The final transaction, as alleged by plaintiffs, occurred in March of 2000 when Tony Burris told Ms. Campbell that Aquoforce needed $70,000.00 within two days or it would lose its exclusive rights to a water supplement. Ms. Campbell advised Tony Burris that she would incur a penalty if she withdrew money from an investment account, but Tony Burris said it was an emergency and that Wally Dallenbach would provide money to the company within a few days and that she would be repaid in full. Ms. Campbell thereafter withdrew $70,000.00 and paid it to Tony Burris. Wally Dallenbach testified that he never stated that he was going to obtain money to invest in the business.
    Plaintiffs filed an action against Tony Burris and Aquoforce on 18 April 2002. Plaintiffs filed an amended complaint, adding Bowman and other defendants, on 6 December 2002. The amended complaint alleged, inter alia, that Bowman conspired with TonyBurris to make false representations with the intent to deceive plaintiffs and to induce plaintiffs to loan money to Burris. Plaintiffs filed a voluntary dismissal without prejudice on 5 May 2003. The complaint in the instant action was filed on 25 June 2003. The trial court granted defendant Bowman's motion for summary judgment on all claims on 22 July 2004. Plaintiffs settled with the remaining defendants and voluntarily dismissed the action against these defendants on 3 August 2004. On 10 August 2004 plaintiffs filed notice of appeal to this Court from the entry of summary judgment in favor of Bowman.
    Plaintiffs contend that the trial court erred in dismissing the following claims: actual fraud, constructive fraud, unfair and deceptive trade practices in violation of Chapter 75 of our General Statutes, and violation of N.C. Gen. Stat. § 75D-1 et seq., the North Carolina Racketeer Influenced and Corrupt Organizations Act.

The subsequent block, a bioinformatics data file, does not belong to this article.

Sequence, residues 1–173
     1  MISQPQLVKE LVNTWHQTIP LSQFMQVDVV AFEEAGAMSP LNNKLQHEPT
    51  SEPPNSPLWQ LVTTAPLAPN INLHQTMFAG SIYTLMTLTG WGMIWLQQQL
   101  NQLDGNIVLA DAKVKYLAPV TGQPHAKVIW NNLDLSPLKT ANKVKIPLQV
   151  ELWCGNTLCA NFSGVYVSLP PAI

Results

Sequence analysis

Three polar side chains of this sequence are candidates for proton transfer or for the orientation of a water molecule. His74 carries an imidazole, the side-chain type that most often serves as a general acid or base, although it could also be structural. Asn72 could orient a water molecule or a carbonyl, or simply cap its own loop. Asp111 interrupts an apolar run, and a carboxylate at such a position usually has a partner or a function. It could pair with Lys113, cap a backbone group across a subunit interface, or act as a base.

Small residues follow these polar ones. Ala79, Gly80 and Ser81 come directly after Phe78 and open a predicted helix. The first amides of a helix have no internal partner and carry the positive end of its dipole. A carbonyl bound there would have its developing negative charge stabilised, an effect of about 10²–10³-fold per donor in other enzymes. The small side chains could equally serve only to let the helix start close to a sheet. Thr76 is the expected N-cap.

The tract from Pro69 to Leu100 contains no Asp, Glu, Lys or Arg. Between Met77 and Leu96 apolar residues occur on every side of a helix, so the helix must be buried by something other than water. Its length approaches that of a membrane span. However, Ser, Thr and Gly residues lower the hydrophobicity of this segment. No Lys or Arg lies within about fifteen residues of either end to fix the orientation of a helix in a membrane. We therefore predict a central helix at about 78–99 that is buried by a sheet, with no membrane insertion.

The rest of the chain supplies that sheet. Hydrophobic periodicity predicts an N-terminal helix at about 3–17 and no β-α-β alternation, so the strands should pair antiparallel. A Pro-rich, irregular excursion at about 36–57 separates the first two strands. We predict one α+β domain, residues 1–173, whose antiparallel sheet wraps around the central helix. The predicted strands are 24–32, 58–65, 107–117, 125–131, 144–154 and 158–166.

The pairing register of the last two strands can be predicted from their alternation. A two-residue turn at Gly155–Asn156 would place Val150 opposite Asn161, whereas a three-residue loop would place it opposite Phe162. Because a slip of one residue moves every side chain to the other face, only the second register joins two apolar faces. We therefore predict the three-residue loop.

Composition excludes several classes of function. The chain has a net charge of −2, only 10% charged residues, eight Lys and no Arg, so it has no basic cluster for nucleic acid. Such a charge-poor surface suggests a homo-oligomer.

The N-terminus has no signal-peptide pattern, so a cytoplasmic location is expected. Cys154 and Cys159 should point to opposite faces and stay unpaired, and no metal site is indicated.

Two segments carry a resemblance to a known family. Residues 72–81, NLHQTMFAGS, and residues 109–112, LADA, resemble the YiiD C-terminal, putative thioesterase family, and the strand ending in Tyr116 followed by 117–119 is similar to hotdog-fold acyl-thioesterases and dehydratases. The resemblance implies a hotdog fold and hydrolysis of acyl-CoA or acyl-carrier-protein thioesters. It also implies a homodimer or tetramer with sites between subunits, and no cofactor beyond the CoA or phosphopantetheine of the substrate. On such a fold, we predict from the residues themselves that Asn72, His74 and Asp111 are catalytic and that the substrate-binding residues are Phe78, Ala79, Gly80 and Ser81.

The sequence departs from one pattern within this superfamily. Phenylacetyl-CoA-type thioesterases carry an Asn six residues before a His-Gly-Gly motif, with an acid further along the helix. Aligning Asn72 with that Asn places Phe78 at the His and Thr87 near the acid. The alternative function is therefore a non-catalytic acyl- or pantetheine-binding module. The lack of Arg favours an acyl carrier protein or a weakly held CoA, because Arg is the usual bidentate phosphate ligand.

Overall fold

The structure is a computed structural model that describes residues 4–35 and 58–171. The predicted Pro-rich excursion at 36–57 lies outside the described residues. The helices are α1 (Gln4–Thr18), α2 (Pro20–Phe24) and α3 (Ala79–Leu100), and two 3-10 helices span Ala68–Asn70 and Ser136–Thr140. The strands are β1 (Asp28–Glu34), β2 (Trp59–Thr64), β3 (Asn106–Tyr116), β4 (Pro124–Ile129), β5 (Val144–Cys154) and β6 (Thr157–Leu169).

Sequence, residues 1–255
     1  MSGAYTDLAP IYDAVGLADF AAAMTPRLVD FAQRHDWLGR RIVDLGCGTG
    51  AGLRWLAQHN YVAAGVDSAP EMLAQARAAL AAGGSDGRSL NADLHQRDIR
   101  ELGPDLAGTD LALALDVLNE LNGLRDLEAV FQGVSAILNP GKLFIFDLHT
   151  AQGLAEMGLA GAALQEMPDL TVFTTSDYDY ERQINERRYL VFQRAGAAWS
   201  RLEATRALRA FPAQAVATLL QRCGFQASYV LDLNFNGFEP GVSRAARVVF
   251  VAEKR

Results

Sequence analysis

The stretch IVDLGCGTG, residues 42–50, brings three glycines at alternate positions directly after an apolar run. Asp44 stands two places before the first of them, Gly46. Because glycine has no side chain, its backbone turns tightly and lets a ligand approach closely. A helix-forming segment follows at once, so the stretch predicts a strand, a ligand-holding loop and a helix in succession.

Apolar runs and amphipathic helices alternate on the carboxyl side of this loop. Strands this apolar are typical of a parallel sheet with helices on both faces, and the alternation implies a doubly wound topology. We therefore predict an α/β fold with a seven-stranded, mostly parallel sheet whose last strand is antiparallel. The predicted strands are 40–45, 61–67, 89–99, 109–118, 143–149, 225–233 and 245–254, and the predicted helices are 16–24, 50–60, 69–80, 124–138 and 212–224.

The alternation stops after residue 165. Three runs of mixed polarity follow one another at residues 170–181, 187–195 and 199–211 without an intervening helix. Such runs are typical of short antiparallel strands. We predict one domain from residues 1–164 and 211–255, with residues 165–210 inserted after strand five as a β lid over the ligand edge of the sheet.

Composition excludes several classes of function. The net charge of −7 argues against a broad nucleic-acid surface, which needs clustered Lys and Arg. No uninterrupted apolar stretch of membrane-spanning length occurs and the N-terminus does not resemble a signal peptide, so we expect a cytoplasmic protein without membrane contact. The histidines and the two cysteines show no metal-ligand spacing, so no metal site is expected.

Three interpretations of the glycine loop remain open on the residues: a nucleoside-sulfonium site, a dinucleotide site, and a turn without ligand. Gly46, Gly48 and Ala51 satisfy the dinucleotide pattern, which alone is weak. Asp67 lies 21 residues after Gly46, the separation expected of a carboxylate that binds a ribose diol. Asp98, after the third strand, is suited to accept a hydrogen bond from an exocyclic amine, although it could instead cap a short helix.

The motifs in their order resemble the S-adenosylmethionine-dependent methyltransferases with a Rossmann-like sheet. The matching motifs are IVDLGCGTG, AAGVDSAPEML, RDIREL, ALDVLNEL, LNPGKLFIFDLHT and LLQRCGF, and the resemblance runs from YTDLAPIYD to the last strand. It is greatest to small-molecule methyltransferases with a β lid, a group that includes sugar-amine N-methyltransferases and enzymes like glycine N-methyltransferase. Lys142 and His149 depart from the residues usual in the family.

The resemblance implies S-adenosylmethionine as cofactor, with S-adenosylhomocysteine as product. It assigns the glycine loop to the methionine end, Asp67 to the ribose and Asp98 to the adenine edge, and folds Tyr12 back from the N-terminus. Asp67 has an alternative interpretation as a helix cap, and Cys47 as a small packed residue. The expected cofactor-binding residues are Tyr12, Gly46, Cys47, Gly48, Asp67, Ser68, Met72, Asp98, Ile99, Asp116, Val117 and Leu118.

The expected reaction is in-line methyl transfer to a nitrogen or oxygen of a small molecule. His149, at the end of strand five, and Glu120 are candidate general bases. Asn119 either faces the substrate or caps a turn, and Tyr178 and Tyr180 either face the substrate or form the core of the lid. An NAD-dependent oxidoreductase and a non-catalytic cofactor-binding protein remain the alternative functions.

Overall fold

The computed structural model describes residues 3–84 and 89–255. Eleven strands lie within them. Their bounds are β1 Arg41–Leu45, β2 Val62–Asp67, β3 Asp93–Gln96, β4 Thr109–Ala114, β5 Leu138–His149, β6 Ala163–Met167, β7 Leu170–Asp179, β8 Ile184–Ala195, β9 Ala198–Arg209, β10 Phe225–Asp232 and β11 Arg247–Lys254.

Actual Fraud
    As a basis for affirming the grant of summary judgment on plaintiffs' claim for actual fraud, defendant argues that this claim is barred by the applicable statute of limitations. See N.C. Gen. Stat. § 1-52(9) (2003) (statute of limitations governing action for fraud is three years; cause of action does not accrue until discovery of facts constituting the fraud). Plaintiffs filed the instant action on 25 June 2003, and the most recent fraudulent statement alleged occurred on 30 March 2000, more than three years earlier. Defendant contends that plaintiffs should have discovered the alleged fraud when Ms. Campbell was not repaid her $70,000.00loan to the company within a few days of the March transaction, as promised by Tony Burris. However, as plaintiffs correctly point out, the determination of when a plaintiff in the exercise of reasonable care should have discovered the fraud is ordinarily a question of fact for the jury. See Hunter v. Guardian Life Ins. Co. of Am., 162 N.C. App. 477, 486, 593 S.E.2d 595, 601, disc. review denied, 358 N.C. 543, 599 S.E.2d 48 (2004). We need not address whether as a matter of law plaintiffs should have discovered the alleged fraud earlier because we find that plaintiffs' claim fails for lack of sufficient evidence of each essential element.